Sanju has just joined our project as a volunteer but he already knows plenty, as he’s a former Gurkha and War Studies graduate. This is an abridged version of a piece he wrote for his own blog about who the Gurkhas are and how concepts of martial race have affected the lives of Nepalese people:

“When we think of the physical appearance of the Gurkhas, we think most of them as tough and an oriental looking smiling men with an average height of 5’5”, possibly armed with a khukuri either on his hand or on his beret; precisely speaking, this is the general view of the British or the Western people in regards to the Gurkhas’ physical appearance, and most importantly of the Nepalese people. In addition, this view has been supplemented by the continuous world media coverage of the Sherpas focusing on the Mount Everest stories.

This is a mainstream perspective of the Western people (especially European) that I came across both during, and after the military service while studying at a university. I think this is rather a naive view which mostly came from the people who were more or less unaware about the demographic of Nepal.

I had a friend of mine who belonged to a Chhetri caste of Nepal who is sadly no more with us. His physical appearance was different than that of a majority of the Gurkha soldiers in the British Army. Others asked, ‘‘why is he different looking than the rest of the Gurkhas?’’

Most of my international friends classify the Nepalese people into two groups based on their physical appearance. It was simple and straight forward – ‘‘Chinese looking and Indian looking’’, according to those friends. Most of my non-Nepalese friends view the ‘Janajati’ as ‘oriental looking’ and ‘Indo-Aryan’ as ‘Indian looking’. Many of us found this classification rather insulting, because that Nepalese people recognise themselves as being unique from  Chinese and Indian. Geographically Nepal is situated between China in the north and India in the south. According to the statistics provided by the Nepalese government, the population of Janajati comes close to 25% of the entire Nepalese population, and the Indo-Aryan population come to around 30%.

The majority of the Nepalese people residing in the UK are from the ‘Janajati’ ethnic group. Why? As a result of the historical connection to the Gurkhas. Around 33% of the total Nepalese population is recruitable to the British Army as a Gurkha soldier, and the rest are not. Why do the Janajati ‘oriental looking’ Nepalese people have a dominant place in the Gurkhas?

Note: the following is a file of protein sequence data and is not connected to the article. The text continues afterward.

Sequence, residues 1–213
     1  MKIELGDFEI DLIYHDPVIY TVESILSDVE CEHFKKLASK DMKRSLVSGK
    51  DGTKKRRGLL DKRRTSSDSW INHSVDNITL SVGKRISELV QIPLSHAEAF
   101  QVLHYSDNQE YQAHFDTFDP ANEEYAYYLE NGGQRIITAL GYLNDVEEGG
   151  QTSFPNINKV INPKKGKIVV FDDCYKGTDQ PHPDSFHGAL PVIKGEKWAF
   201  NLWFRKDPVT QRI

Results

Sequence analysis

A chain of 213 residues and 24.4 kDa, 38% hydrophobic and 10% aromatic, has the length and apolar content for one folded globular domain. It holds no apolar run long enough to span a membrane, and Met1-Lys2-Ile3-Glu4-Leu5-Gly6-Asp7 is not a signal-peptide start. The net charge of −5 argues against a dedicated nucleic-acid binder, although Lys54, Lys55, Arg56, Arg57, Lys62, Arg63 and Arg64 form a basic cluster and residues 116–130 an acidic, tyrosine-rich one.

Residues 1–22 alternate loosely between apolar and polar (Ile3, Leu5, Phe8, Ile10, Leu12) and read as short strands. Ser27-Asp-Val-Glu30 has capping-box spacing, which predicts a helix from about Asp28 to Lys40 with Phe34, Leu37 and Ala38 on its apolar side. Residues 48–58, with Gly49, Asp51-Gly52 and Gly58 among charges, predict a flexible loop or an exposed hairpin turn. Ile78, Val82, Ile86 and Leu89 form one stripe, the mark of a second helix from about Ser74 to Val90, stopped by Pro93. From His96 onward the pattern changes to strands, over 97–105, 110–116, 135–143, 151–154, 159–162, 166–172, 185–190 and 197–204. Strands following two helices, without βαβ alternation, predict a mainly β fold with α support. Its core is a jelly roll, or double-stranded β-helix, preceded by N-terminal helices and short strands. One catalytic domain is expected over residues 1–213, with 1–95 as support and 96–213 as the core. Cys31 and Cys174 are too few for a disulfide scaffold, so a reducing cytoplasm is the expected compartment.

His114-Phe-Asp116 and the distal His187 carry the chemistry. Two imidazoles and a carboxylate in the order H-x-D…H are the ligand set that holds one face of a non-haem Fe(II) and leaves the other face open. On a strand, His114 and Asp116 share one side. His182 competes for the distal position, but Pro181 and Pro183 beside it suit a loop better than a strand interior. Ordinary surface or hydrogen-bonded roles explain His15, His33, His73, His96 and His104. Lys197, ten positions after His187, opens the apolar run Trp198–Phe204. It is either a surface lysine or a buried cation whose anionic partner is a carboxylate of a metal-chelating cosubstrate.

To understand the reason behind it, we have to go back no further than the 19th century – or more precisely, we have to follow the British imperial venture especially in the Indian continent. Being a small nation with little manpower to rule and maintain the law and order of the ruled people, Britain needed to generate a large scale of manpower from its empire. Seeking soldiers, the British identified some ethnic and tribal groups as being more warlike than others, and identified them as ‘martial races’.

As ‘martial races’ these men were believed to possess a biological or cultural disposition to the racial and masculine qualities necessary for the arts of war. As such, Nepal was divided into tribal or ethnic units and a particular set of characteristics attributed to the whole unit on the strength of often very causal personal observations when recruiting. The first recognised martial races were the Gurung and Magar from the central part of Nepal, and later, Limbu and Rai castes were recruited from the eastern part of Nepal. In addition, Thakurs and Chhetris were considered martial race to a certain extent.


Panchhbir Mall was in 1st Bn 9th Gurkha Rifles and fought at Festubert and Kut  – was he from the Thakur or Chhetri caste?

Today, we can still see the influence of the caste system in the British regimental system, although it is slowly being eliminated. However, during the First World War, the 1st, 2nd, 3rd, 4th, 5th, 6th and 8th Gurkha Rifles consisted of Gurung and Magar castes, the 7th and 10th Gurkha Rifles recruited were the Limbu and Rai castes and the 9th Gurkha Rifles was from the Thakur and Chhetri caste.

From this historical standpoint, we can find the answer of why the oriental looking Nepalese people have a dominant numbers not only in the British Gurkhas but also in the recent Nepalese diasporas, despite the fact that the ‘Janajati’ or oriental looking people only consist of one third of the total Nepalese population. It is certainly; as the Gurkha itself is the product of the British empire, the dominant place of oriental looking Gurkhas in the British army is also the result of the imperial tradition of recruiting the people only from the ‘martial races’ of Nepal.”

You can read the full-length original article on Sanju’s blog.

Images courtesy of the British Library Girdwood Collection and the National Army Museum (1959-05-45).